Social Science Information 58 (2):327-353 (2019)

Abstract
Recent research has advanced the idea that modern society is replete with numerous measuring activities that evaluate the performance of individuals and organisations. Both the research and the application of such measures suggest that the scrutinised actors will internalise the expectations associated with these measures and adjust their behaviour accordingly. Usually these expectations involve both technical and moral demands aimed at improving the evaluated activities so as to make them more beneficial, efficient, and transparent for the consumer and society in general. However, both research and practice instantaneously equate their widespread presence with their efficacy, i.e. that their implied behaviour-altering capacity is inevitably achieved. This overlooks that the coupling of measurement and behavioural change is mitigated by the sensemaking processes of the examined actors. Using examples from the US hospital sector, this article shows that patients, medical professionals, and hospitals do not simply conform to the expectations created by hospitals rankings but rather show different forms of resistance, such as ignorance or rejection. Thereby, the paper highlights that the conditions under which measures prove inescapable and substantially influence social fields need to be examined more closely.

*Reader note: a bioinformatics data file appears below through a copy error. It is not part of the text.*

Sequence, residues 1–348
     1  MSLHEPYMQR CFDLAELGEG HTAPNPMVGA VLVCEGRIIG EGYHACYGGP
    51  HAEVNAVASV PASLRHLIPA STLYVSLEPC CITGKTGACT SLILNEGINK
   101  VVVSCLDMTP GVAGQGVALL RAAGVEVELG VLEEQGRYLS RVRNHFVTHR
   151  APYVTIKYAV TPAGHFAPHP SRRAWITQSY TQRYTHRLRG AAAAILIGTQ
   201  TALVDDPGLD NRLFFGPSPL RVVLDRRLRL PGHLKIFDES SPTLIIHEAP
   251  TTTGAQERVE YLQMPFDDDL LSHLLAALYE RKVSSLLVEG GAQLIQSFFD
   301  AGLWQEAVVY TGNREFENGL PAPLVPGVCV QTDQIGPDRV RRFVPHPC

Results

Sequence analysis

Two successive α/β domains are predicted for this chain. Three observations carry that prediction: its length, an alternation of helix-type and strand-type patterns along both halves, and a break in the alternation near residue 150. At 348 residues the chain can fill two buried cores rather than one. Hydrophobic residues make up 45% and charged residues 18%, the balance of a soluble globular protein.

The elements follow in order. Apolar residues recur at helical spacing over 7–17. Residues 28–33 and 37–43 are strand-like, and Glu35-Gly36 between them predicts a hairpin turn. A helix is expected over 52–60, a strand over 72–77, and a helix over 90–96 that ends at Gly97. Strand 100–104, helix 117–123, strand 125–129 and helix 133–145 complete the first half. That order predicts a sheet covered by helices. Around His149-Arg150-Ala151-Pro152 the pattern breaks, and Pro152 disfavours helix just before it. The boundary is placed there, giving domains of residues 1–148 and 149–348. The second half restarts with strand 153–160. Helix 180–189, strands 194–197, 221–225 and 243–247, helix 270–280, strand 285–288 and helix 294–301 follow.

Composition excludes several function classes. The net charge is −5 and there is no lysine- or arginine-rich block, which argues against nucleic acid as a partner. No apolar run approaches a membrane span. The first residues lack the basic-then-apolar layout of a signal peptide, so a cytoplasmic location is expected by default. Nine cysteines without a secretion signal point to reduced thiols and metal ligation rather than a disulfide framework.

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DOI 10.1177/0539018419848994
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References found in this work BETA

The Audit Society: Rituals of Verification.Michael Power - 1999 - British Journal of Educational Studies 47 (1):92-94.
Trust and Power.Niklas Luhmann - 1982 - Studies in Soviet Thought 23 (3):266-270.
Phenomenology and its Application in Medicine.Havi Carel - 2010 - Theoretical Medicine and Bioethics 32 (1):33-46.

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